Reviewed by Plamen on 01 Dec 2000
It is always the same. When a legendary group is starting up it is a difficult way until the main concept is proven, the parties in the band are synchronized, the sound is defined, the leader(s) are recognized. This first album of KANSAS is featuring with all these birth-pains. Some of the songs are written in 1972 and 1973 when the band has their gigs in rodeo-shows. But the crystalized concept to be different from the ordinary rock groups has prevailed.
Steve Walsh and Kerry Livgren are leading most of the tracks. Musical duets between them are the skeletons around which the other members has put thier contribution and thus created exceptional songs. The ballad "Lonely wind" is a hint of the forthcoming in the "Point of know return" undisputable worldwide hit "Dust in the wind". But this is just the beginning. This album is marked with the huge energy which is bursting in every track. The tracks are following each other played with easiness and perfection. It is not right to distinguish some of them but for the real prog fans the "Death of the Mother Nature" and "Apercu" are the most brilliant ones.
And as I told you it is always the same. Next albums are much more polished and glossy. If you would like to enjoy the raw energy of the great band - listen to the album. It will bring you what we all miss these days.
Reviewed by MJBrady on 23 Jul 2002
This debut recording from the legendary US progband Kansas, hardly put them on the forefront of the prog community, although those who discovered the bands music by way of the radio on their more prominent recordings such as Leftoverture, Point of Know Return, were so taken by the lure of this bands musical talents, that it was inevitable they would discover the bands music retroactivly, and they also were soon to find out that this bands most progressive years were from it's onset on this self-titled album, on Masques, & Song for America, and through the next few releases in order of dates released. Kansas, the album of the same name, was raw and unrefined, but all of the classic elements of the band were very much in place, the harmonies of Walsh and Steinhardt, the insightful, and enlightened lyricism, epic songs, and the definitive sound of the band was something that came strictly from each members unique musical gift, Steinhardts violin, the dual keyboards, and dual guitars, and Dave Hope's busy bass playing, as well as Phil Ehart's colorful, and technical drumming, but their sound was one that could only flourish in the context of the chemistry of it's collective members, as many would discover on later albums, that apart from the core group of musicians, the band would never discover the magic that occured on their first 5-6 albums. If you are one that has an affinity for this groups most progressive moments, this debut album is well serserving of your attention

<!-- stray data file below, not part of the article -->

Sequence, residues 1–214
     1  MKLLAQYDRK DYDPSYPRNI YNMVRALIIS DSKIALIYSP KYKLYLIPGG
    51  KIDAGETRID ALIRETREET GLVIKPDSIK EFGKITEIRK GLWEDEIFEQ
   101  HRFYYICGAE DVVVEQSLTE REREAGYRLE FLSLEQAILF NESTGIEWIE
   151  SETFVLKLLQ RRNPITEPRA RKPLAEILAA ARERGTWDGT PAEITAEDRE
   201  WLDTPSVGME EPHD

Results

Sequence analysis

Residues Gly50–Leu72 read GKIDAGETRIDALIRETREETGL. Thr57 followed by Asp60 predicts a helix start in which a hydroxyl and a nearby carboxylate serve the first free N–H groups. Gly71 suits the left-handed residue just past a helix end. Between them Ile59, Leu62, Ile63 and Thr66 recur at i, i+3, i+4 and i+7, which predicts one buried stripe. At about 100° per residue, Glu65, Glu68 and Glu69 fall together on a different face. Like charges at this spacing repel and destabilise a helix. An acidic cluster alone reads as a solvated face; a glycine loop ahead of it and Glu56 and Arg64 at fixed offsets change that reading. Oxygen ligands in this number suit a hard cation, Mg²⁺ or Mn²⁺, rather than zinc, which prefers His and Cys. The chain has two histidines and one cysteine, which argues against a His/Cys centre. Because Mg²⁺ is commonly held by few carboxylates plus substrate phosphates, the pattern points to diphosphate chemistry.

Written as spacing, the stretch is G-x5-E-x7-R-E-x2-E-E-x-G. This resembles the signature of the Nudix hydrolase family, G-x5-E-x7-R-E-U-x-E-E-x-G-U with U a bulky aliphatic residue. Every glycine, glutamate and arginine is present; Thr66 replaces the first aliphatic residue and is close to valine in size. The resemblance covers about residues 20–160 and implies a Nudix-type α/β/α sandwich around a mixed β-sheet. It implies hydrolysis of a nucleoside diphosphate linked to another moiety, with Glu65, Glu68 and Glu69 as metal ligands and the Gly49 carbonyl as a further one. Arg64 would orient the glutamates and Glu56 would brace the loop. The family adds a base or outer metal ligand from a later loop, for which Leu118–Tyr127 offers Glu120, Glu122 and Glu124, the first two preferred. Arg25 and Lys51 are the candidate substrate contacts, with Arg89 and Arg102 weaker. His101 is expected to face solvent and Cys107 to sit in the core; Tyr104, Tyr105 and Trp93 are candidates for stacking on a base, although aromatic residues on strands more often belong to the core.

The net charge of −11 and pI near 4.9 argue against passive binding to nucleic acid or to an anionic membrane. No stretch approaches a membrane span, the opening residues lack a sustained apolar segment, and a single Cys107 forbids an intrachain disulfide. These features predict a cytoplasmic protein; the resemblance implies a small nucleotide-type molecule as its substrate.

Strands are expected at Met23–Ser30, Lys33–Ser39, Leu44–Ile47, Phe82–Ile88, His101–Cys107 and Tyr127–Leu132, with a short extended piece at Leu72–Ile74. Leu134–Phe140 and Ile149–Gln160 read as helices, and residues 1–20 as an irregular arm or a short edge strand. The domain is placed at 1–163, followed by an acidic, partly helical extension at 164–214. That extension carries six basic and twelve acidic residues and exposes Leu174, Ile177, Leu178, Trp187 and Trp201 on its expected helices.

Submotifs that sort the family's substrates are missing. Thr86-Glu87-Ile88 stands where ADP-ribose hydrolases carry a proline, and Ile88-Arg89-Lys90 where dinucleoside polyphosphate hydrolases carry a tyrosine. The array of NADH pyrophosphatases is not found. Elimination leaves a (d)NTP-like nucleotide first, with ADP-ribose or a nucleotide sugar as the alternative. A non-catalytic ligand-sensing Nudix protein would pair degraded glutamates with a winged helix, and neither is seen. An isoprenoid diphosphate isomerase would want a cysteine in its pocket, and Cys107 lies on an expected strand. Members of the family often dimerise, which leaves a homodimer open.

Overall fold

Reviewed by Eric on 24 Dec 2005
To be honest, I don’t listen to Kansas anymore, or if I do it’s a rare event. It’s the same with Styx
. Maybe I am suffering burn-out, or maybe I have just grown beyond this style of music? More than likely the former, not the latter, but if I do play any Kansas it will be the bands first three albums which I still have a soft spot for and thankfully never hear on ‘Classic Rock’ radio anymore. There is a God.
Kansas was recorded in less than a month, yet clearly blazes the trail these Dust Bowl troubadours would follow for the next half dozen years. Guitarist Kerry Livgren has stated for the most part the lyrics on this album really had no meaning which I can believe as some of it just makes zero sense. Instrumentally these guys were at the top of their game and on Can I Tell You and Death of Mother Nature Suite they were in a class of their own, creating a new truly American progressive music